For racing royalty, the impact of the Indianapolis 500 hit home in a letter. After Mario Andretti won his first and only Indy in 1969, he received fan mail from a region not known for its turbocharged engines: Tibet. "I've traveled six continents in my lifetime," says Andretti, the only man to win the Indy 500, Daytona 500 and Formula One world titles. "Everyone knows Indianapolis."
Over the past 15 years, NASCAR's rise and a counterproductive turf war between Indy and CART, a rival racing circuit, has put the Indy 500 behind the pack. The presence of Danica Patrick, who raced her first Indy 500 in 2005, saved it from near irrelevance. But Indy's organization is stronger now. And NASCAR's popularity has sputtered, giving Indy a chance to recapture the glory days.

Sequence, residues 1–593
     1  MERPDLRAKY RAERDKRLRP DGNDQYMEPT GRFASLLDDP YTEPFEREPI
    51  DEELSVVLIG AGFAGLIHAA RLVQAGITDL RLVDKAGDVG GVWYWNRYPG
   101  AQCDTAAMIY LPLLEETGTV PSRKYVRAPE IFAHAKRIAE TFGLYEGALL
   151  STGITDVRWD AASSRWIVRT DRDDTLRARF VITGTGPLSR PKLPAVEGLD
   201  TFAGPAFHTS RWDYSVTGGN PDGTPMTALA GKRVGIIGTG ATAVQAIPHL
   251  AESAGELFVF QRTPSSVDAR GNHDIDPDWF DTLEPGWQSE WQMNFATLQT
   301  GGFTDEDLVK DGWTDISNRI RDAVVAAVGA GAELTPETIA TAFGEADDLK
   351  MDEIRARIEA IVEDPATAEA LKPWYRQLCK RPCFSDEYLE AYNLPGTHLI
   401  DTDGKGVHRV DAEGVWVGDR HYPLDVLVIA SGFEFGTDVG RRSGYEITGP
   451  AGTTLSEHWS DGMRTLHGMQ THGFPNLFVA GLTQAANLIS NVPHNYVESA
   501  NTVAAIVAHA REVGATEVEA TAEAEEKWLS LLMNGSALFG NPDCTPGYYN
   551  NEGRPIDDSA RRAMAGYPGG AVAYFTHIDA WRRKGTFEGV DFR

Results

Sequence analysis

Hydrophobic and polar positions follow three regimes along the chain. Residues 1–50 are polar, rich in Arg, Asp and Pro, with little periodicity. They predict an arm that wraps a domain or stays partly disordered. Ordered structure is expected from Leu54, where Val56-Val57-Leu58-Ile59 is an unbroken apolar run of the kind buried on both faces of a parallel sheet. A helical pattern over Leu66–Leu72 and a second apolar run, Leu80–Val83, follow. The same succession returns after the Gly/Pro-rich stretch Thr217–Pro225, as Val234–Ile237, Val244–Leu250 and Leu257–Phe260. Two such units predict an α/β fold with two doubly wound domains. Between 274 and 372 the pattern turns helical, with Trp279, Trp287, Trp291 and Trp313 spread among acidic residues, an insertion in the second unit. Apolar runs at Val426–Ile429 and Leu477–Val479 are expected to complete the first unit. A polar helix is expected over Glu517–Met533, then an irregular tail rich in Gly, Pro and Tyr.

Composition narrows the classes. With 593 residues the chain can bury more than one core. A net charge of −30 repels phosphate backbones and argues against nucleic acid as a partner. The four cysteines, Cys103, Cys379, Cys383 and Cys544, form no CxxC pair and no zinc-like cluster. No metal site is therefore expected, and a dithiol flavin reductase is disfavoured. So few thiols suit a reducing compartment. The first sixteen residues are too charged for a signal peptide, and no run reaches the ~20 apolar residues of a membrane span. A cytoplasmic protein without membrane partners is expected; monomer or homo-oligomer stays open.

Open-wheel cars are awesome machines, automotive engineering as art form. Stock cars have a common-man appeal; racers used to take cars from the showroom to the track. You can envision the sexier Indy cars connecting with a new generation of fans, though the sport could use more compelling personalities. But Indy has no shortage of history. "It's Americana," says Andretti. Ladies and gentlemen, start your engines.